If you think getting into college is hard, try to be James Meredith

James Meredith in 1962

James Meredith in 1962

Emily Aysse, Staff Writer

College is no small task for students now; you have to have the perfect GPA, SAT and ACT scores, extracurriculars, and doing pretty much everything you can to get a college to accept you. But imagine trying to do this, but being denied because you were a different race. James Meredith was an African-American student who was brave enough to challenge the status quo of his day and age.

James Howard Meredith was born in June of 1933 in Kosciusko, Mississippi. Like any other Jim Crow Law state, James Meredith attended segregated, public schools. After high school he enlisted in the United States Air Force, from 1951-1960. After leaving the Air Force, Meredith attended Jackson State University. However, he strived to attend one of Mississippi’s top schools (which was also an all-white school) University of Mississippi. Inspired by President John F. Kennedy’s inauguration speech, James Meredith decided to go against the status quo and apply to University of Mississippi with the aid of Medgar Evers, head of the Mississippi state chapter of the NAACP. Despite going to court and winning appeals all the way up to the Supreme Court who ruled in Meredith’s favor and told the Mississippi governor that the university was denying Meredith because of his race, Ross Burnett (the governor) said “no school will be integrated in Mississippi while I am your governor.” A law that said “anyone who has been convicted or any felony offense or not pardoned” was created by the state legislature and purposefully directed at James Meredith–he was convicted of “false voter registration” in Jackson County earlier in his life. However, on September 28, Governor Bennett was arrested for civil contempt and fined $10,000 for each day he continued to deny Meredith. Between September 27 and October 1, US Attorney General Robert F. Kennedy continually discussed the situation with the stubborn governor.  Many phone calls later, Governor Barnett allowed Meredith to attend the University of Mississippi (Kennedy had made a deal that would allow the governor to save face.) On his first day on September 29, 500 U.S. Marshals accompanied Meredith during his arrival and registration. However, after withdrawing the State police, a riot of whites who opposed the decision broke out on campus. When the clash finally ended, two men were dead and the mob had destroyed cars, injured federal marshals with small items like rocks and bricks. Despite this debacle, James Meredith became the first African-American to be enrolled at the University of Mississippi on October 1, 1962. Even with the constant harassment and persecution on campus, James Meredith graduated on August 18, 1963 with a bachelor’s degree in political science.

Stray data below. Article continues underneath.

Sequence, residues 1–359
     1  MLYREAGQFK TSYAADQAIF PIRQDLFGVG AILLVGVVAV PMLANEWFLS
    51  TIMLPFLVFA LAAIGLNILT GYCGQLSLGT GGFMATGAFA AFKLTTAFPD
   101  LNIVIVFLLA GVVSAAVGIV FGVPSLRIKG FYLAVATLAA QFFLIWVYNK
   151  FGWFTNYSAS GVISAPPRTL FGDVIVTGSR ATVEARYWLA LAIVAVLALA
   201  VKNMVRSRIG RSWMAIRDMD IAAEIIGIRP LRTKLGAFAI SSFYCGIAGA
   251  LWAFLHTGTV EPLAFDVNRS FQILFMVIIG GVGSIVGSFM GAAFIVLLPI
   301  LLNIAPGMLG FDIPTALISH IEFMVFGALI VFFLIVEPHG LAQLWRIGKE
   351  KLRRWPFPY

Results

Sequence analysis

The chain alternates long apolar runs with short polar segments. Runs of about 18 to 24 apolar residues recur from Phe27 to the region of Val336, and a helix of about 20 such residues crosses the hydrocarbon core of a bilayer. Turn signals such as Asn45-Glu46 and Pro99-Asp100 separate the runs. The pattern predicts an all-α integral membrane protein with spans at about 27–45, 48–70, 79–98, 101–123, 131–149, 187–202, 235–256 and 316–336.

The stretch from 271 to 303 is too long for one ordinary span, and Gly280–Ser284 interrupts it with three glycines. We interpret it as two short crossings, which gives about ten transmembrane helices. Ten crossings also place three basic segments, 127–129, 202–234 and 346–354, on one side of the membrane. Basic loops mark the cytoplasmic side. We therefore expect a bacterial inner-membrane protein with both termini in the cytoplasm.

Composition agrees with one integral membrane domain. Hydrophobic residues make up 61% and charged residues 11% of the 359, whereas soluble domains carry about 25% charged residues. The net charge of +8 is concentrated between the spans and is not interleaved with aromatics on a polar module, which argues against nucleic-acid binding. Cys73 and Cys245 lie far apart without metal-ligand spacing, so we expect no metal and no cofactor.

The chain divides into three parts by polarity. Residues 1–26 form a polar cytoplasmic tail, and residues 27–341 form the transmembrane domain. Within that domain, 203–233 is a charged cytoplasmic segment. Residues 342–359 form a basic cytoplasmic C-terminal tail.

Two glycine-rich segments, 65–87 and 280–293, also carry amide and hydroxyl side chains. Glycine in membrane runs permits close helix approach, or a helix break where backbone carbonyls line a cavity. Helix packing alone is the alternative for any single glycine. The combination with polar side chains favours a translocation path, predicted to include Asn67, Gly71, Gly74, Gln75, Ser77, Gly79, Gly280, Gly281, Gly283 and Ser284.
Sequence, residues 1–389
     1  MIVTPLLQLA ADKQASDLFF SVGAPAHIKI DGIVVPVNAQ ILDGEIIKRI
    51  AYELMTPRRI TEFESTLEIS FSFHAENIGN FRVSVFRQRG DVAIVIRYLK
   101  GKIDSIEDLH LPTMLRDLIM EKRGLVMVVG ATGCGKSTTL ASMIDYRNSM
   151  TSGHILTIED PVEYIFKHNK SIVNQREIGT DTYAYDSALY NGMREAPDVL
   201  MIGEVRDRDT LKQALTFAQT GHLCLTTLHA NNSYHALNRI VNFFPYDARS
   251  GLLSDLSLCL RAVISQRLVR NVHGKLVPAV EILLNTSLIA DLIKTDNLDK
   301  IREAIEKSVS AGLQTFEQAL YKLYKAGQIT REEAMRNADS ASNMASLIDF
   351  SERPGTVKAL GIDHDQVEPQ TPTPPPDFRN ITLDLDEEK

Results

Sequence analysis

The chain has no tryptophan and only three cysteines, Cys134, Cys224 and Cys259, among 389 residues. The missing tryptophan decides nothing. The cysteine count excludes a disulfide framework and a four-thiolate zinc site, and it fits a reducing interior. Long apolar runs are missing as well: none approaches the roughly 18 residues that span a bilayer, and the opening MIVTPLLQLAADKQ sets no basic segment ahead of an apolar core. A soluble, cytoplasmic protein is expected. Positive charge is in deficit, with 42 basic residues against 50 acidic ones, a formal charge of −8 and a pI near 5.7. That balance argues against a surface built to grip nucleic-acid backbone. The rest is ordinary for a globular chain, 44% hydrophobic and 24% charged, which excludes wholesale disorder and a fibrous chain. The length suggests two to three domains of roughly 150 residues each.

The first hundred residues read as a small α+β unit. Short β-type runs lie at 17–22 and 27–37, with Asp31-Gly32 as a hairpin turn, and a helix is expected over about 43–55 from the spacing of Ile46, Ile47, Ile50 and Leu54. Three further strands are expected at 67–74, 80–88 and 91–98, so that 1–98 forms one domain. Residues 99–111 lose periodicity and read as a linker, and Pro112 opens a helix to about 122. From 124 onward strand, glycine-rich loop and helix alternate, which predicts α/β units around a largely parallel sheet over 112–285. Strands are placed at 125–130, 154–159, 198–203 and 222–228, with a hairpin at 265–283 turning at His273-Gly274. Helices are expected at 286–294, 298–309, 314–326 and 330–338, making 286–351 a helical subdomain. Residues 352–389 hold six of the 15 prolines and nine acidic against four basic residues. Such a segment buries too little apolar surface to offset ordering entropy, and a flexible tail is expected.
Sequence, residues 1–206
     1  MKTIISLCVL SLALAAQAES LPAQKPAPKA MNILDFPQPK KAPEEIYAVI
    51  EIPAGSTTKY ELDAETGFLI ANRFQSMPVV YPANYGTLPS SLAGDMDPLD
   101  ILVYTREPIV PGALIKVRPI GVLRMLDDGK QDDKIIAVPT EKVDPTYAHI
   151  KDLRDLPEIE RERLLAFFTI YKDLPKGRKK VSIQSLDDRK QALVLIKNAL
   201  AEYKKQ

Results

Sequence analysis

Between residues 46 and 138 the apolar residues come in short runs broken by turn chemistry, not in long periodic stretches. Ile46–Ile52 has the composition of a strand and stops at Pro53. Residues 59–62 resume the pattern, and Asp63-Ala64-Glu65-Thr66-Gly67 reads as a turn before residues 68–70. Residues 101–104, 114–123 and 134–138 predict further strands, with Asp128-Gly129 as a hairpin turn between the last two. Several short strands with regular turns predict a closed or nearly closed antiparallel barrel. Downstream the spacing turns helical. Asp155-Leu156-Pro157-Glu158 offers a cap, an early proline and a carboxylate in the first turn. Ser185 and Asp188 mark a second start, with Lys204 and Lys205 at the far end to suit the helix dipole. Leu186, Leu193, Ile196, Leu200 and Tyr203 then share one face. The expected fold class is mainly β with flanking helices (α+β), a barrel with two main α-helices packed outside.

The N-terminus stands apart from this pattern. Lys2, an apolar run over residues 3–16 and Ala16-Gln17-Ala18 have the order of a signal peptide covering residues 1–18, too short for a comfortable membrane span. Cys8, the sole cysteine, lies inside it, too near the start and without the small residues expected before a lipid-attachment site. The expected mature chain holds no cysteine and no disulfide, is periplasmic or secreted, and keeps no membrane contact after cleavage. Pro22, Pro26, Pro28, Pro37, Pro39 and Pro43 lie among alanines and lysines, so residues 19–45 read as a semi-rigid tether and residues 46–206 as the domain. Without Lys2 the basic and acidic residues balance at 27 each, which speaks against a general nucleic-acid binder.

After graduation, Meredith continued studying political science at the University of Ibadan, a school in Nigeria. He returned home in 1965. In 1966 Meredith organized and led the March Against Fear. This march would be a 220 mile march that went from Memphis to Jackson. James Meredith asked for only black men to join him in order to give African-Americans the courage to move past the fear. Despite having police protection, Meredith was shot on the second day of the march and could not finish the march. However, by the time the march arrived in Jackson, there were 15,000 people (the largest civil rights march in Mississippi’s history) and over 4,000 African-American Mississippians successfully registered to vote that day.

After this march, James Meredith a law degree from Columbia University and continued his career in politics.  During his time at Columbia, Meredith attempted to run as a Republican against Adam Clayton Powell, Jr., who was a seasoned Democrat, in an election for a Congressional seat in Harlem. Meredith then withdrew from the race due to the Republican supporting Powell. After finish in New York, Meredith returned to Mississippi where he ran for Senate in 1972. James Meredith’s opposer, James Eastland, had been serving for 29 years which made Mississippi operate as a one party state. However, Meredith lost due to African-Americans being disenfranchised by making it extremely difficult for them to register to vote. Because most of them were Republican, Meredith lost the race. However, it did not stop Meredith: from 1989 – 1991, he was an adviser on the staff of Senator Jesse Helms, who was a segregationist. Although he was received criticism from civil rights community, it was only Helm’s office that responded to Meredith’s offer (he had applied to every Senator’s and Congressman’s office).

Through his many uphill battles, James Meredith was able to proceed in his education and political career.  He is still alive today and represents the strength persistence of the Civil Rights Movement. This man is a strong University of Mississippi graduate.